I’m truly lost for words.


IBN LIVE Report -Curtains down on Big Brother show?

The racism controversy involving Bollywood star Shilpa Shetty seems to have dealt a death knell to British television Channel4’s reality show Celebrity Big Brother, with the board of Channel 4 convening on Monday to discuss a possible termination of the seven-year-old reality TV programme.

Has Jade Goody spelt the end of BIG Brother ???

IndianOne of the reasons I ‘knee-jerked’ into setting up ‘The Great Indian Mutiny’ was my national identity. Is every brown skinned person Indian? Can you hold the nationality of a foreign country and still call yourself Indian?

Govindraj Ethiraj has made an excellent post on this topic.

Some 30,000 Indians in Britain are requesting the Indian authorities to protest a British government move that affects their status under the Highly Skilled Migrants Programme (HSMP). The UK move may be unfair but it baffles me (if I were to believe the reports) that these chaps expect our PM to request Tony Blair to give them safe haven and potentially, citizenship, in the the UK !!

I would divide my America bound acquaintances, friends and relatives into roughly two categories. First are those who seek specific opportunity, find it at a location that is not pre-determined and then `settle’ down. Their return is always open-ended, so to speak. These are a minority. The second are those for whom countries like America are fixated, pre-programmed destinations regardless of what they do in India and how.

People should think twice about changing their citizenship. You can’t be India just because of the colour of your skin, fan of bollywood movies, love Sachin, eating Punjabi food or calling yourself desi.

India is a nation. A Republic. Her citizens are Indians, nobody else.

Frankly, I was getting sick of all the weeping Shilpa Shetty was doing on the Big Brother. Why couldn’t she fight back?
Last night, I think she got my message 🙂

Good work Shilpa.

IndianI have four documents to prove that I’m an Indian. A passort, election ID, PAN card and my family ration card. Even though the Reserve Bank of India (RBI) classifies me as a non-resident (for tax purposes), these documents ensure that I can vote, pay lesser for flights, hotels and museums when in India.

Now there is one more. A national identity card. A number that’s unique to you, your photograph, your fingerprint. All will be rolled into a smart card to give you your identity wherever you are in India. That’s what an elaborate exercise, undertaken by the Registrar General of India, promises to roll out March onward in a pilot project to cover 18 lakh-plus people above the age of 18 in 12 states and a Union Territory.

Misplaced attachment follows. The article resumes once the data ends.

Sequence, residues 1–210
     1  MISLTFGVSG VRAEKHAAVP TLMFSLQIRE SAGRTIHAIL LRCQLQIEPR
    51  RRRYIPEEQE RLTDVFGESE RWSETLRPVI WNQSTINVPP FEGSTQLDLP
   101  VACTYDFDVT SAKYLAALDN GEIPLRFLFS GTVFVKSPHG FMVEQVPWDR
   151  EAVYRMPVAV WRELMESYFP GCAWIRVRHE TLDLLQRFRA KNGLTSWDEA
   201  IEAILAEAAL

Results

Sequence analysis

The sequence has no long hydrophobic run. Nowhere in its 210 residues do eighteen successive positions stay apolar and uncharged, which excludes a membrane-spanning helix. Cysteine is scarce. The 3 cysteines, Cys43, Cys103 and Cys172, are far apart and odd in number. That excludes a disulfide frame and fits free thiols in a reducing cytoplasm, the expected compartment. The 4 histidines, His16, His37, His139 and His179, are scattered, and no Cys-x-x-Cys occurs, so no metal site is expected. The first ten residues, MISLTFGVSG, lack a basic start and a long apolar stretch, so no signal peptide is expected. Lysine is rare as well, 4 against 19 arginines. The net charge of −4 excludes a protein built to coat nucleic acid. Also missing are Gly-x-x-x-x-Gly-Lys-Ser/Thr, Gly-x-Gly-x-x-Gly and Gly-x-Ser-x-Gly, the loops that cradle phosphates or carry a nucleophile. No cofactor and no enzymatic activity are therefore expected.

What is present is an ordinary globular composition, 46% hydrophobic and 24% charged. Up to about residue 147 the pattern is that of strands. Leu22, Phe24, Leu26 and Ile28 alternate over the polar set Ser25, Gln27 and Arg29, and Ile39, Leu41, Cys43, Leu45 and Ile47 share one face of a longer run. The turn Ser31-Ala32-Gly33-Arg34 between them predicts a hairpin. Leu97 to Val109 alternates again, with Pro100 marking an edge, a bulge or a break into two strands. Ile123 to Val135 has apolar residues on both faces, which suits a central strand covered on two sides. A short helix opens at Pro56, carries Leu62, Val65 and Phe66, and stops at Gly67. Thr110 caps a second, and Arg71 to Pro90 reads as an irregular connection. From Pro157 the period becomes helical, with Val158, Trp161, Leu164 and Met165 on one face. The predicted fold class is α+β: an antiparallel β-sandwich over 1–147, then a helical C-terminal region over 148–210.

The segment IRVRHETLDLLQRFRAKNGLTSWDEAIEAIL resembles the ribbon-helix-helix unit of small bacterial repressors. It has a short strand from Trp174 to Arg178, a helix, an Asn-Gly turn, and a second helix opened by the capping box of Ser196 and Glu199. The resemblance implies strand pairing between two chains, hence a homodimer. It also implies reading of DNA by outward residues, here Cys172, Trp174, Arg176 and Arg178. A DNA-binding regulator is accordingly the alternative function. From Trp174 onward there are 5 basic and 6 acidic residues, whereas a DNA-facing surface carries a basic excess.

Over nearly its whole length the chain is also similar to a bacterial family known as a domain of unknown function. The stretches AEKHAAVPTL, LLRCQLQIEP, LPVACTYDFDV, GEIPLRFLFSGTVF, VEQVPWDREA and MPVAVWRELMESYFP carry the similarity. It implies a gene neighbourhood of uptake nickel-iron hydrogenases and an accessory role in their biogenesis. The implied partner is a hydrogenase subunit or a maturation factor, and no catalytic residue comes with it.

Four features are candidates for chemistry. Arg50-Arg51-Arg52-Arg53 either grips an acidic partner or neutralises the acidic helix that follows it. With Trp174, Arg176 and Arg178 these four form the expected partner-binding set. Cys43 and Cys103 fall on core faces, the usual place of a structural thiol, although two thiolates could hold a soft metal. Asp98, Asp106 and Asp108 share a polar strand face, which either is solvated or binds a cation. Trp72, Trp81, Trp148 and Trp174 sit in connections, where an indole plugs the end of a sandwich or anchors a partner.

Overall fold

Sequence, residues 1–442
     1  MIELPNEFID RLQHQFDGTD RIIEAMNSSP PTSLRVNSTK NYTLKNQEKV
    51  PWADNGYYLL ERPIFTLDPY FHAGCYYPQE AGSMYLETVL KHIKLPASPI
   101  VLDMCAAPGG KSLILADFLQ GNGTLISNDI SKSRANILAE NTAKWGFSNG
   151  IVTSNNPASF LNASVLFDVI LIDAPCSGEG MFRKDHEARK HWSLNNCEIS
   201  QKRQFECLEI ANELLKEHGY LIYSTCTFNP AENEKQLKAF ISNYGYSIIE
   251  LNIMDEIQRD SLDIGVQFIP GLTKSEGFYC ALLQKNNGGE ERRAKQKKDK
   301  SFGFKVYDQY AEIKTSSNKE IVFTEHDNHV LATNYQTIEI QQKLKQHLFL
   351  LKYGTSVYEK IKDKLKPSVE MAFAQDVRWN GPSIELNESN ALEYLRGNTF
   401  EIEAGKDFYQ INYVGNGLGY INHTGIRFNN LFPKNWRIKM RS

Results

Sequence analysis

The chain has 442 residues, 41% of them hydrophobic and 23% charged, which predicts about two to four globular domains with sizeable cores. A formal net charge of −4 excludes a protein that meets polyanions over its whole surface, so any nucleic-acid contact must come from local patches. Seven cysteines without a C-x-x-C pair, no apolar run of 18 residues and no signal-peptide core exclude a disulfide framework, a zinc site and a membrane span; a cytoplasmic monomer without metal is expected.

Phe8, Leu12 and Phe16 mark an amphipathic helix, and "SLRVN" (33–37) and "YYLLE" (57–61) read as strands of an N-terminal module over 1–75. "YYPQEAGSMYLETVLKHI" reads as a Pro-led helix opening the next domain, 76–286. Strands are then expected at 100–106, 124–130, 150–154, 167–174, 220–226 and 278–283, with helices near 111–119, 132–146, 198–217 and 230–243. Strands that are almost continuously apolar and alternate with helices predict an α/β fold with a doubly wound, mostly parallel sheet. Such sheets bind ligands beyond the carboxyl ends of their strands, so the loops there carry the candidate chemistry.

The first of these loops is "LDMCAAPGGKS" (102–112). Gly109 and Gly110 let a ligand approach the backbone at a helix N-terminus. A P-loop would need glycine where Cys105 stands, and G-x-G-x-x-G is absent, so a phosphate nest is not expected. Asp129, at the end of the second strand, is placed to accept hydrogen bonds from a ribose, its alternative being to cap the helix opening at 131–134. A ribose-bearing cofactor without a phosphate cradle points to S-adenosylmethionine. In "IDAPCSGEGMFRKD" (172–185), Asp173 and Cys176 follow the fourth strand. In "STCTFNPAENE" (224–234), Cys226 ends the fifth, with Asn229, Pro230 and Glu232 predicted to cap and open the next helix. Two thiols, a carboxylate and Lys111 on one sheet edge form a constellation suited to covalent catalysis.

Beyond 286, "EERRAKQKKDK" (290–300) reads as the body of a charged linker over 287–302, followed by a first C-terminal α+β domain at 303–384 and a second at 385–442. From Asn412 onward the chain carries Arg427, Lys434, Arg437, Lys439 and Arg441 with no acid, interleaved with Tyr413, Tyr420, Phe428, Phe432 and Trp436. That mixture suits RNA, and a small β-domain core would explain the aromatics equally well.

In the works since 2003 — it was the brainchild of the then Union Home Minister L K Advani — the project gathered momentum in 2005 and has now reached a stage where a supervising agency is being short-listed to prepare smart cards and distribute them to 18 lakh-plus “Indians” whose identity has been officially established.

The progress of the pilot project was reviewed at a meeting convened by the Union Home Ministry last week. The cards will have the name, date of birth, place of birth, parent’s name and the citizen’s photograph and fingerprint. A network of card-reading machines across the country, including several at selected border-entry points, can scan these cards to authenticate identity.

The National Institute of Design (NID), Ahmedabad, has designed the cards. At the moment, 19 MNIC centres are scrutinizing citizenship details in areas covered by the pilot project. These centres have nearly finalized the list of “citizens” eligible for the cards. “Over 30 lakh people have been covered in these areas and about 18 lakh-plus have satisfied the norms,” a Home Ministry official said. The rest will have another year to furnish necessary papers to satisfy the rules of citizenship.

Assam was initially considered for the pilot project but was left out due to objections from the All Assam Students’ Union. But four tehsils in Kathua district of Jammu and Kashmir are part of the project. As are Manipur, Goa, parts of Andhra Pradesh and a cluster of villages in Pooth Kalan in north Delhi’s Narela area. Security needs apart, the need for a multipurpose national identity card has been felt for purposes as diverse as applying for a passport or government licences. The ultimate aim — to cover the entire country — is likely to take many years and the government admits as much. Current Census figures put the number of 18-year-olds in India at over 70 crore (that’s 700 million).

So by 2012, when you say, “I’m Indian”, you better have a card 🙂